Twenty-three year old Sarah Siak had a rough pregnancy from the start. Sarah had a condition in her blood that had her doing routine tests for months during her pregnancy. At about 6 months, Sarah ballooned from 140 pounds to 180. Her feet, hands, and entire body were retaining immense amounts of fluid.
Sarah’s blood pressure was also high from the middle of her pregnancy on. Those three symptoms are characteristics of preeclampsia, but Sarah was not officially diagnosed with preeclampsia until January 4, 2004. That was when she was thirty-three weeks pregnant.
On January 4th, when Sarah went to visit her OBGyn, she was feeling under the weather, and had taken some Tylenol cold as a last resort. She was extremely swollen and now weighed 208 pound, mostly fluid. Sarah’s blood pressure was 210/120 and she was instructed to go immediately to the hospital. Sarah had told her doctor’s nurse that she did not feel well but neglected to say just how badly she felt.
At the hospital, Sarah was diagnosed with bronchitis. She was put in a room and monitored for two days. She had a chest x-ray done each day because she had begun to cough. She was administered breathing treatments on a nebulizer a few times, and because she has mild exercise induced asthma, Sarah thought that it was just flaring up.
Two days later, on Wednesday afternoon Sarah’s bronchitis had developed into pneumonia in her right lung, and her blood pressure remained very high. She had also begun to retain most of her fluids, and was gaining more fluid weight.
Sarah’s doctor said they could not wait, and decided to delivery her baby via emergency C-section. Noah Matthew Siak was born at 2:00 am, Thursday, weighing 4 pounds, 9 ounces. During the delivery, Sarah had to ask the doctors to stop several times because she needed to cough. Noah was taken to the NICU and Sarah began to get much worse. With preeclampsia, the only cure is to deliver the baby.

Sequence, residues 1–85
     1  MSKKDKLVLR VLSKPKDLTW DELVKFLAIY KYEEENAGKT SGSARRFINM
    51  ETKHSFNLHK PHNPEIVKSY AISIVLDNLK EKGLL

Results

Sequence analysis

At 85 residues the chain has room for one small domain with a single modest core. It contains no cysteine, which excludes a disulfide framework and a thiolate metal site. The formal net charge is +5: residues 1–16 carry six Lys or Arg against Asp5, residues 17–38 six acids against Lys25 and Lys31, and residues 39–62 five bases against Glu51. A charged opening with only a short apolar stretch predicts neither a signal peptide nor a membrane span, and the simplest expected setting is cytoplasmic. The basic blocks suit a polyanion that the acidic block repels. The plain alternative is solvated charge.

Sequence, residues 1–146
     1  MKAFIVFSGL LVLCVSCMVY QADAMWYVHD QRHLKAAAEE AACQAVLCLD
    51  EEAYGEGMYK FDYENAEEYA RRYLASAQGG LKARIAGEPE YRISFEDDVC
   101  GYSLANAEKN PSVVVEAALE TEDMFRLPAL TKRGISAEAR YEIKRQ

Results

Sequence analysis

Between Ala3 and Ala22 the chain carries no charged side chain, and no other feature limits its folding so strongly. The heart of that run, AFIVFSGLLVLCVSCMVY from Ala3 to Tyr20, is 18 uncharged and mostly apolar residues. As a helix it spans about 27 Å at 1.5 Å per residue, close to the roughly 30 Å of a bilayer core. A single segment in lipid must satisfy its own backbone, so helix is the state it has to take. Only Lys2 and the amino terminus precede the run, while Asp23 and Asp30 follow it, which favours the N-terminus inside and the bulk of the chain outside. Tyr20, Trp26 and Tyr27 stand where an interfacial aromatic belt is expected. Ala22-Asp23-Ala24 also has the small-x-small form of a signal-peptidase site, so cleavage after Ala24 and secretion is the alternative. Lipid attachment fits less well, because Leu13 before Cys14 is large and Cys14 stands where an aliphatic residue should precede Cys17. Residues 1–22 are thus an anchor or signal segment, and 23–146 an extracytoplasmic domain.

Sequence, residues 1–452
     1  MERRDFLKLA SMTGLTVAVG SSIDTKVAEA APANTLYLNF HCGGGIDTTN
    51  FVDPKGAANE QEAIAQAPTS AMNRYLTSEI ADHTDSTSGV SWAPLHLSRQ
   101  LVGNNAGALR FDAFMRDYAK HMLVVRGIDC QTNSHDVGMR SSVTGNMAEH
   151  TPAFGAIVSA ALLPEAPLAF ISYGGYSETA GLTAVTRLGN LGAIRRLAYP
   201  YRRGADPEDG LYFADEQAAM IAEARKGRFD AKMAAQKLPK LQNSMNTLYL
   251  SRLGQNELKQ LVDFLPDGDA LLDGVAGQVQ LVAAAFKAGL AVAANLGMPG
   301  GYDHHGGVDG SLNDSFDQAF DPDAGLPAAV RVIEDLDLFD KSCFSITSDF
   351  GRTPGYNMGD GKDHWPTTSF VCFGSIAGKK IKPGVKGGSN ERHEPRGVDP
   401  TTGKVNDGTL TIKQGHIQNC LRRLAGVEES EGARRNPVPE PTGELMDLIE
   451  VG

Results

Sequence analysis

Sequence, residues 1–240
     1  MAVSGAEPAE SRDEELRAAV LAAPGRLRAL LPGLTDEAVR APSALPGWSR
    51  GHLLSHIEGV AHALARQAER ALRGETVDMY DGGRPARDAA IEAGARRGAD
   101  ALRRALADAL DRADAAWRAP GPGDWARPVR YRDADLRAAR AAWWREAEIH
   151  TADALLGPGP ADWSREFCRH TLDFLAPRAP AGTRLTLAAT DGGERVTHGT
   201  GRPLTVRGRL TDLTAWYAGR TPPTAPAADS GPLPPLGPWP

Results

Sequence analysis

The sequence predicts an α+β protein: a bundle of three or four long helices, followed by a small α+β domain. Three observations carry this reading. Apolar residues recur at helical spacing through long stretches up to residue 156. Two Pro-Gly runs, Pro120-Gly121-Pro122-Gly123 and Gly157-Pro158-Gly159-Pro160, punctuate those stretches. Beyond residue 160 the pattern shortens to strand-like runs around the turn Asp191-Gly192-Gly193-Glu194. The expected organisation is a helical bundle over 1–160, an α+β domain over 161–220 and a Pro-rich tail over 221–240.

The next day, Sarah’s blood pressure was still high, and she could not pass any fluids. Her lungs were beginning to fill with fluid and she also was told she had fluid around her heart. Friday and Saturday, Sarah was given many breathing treatments and was put on a permanent oxygen mask. Sarah was very agitated and when Sarah’s mother asked the nurse why she was so hot and irritated, the nurse responded, “She is drowning in her own fluid but does not realize what is happening.”
Sunday, Sarah’s family refers to as “Bad Sunday,” was the day that she was diagnosed with ARDS; Sarah was put on the ventilator at 100% oxygen for three days. Each day, Sarah did not get worse, which gave her family hope. The doctors gave Sarah a 50/50 chance on Bad Sunday.
Wednesday was when Sarah’s miracle happened. Her x-ray on Tuesday had shown no improvement. Wednesday morning, at the first thirty minute ICU visitation, Sarah’s mother spoke to her daughter about Noah, Sarah’s son, and she started breathing over the ventilator. All the machines started going off and Sarah’s father ran to get the doctor. He immediately pushed Sarah’s oxygen from 100% to 25%, and by the end of the day, Sarah was breathing on her own, with no assistance from the ventilator.
All of her doctors said that it was a miracle that her lungs completely cleared in 24 hours. Sarah honestly believes it was all because of the power of prayer. While she was in ICU, the waiting room was constantly full with church members, friends, and family praying for Sarah and Noah to get better.
Less than a week after being put on the ventilator, Sarah was taken off, slowly regaining her strength and enjoying her slightly delayed start at motherhood.
Noah did fantastic in the hospital. His lungs were perfectly formed and he was ready to go home before Sarah was! Sarah’s husband, Matt, was the real trooper through it all, running from the NICU to the ICU, caring for his wife and his child.
Sarah wants to share her story with others, to connect with others who have experienced ARDS, and to give others hope. Sarah resides with Matt and Noah in Marion, North Carolina.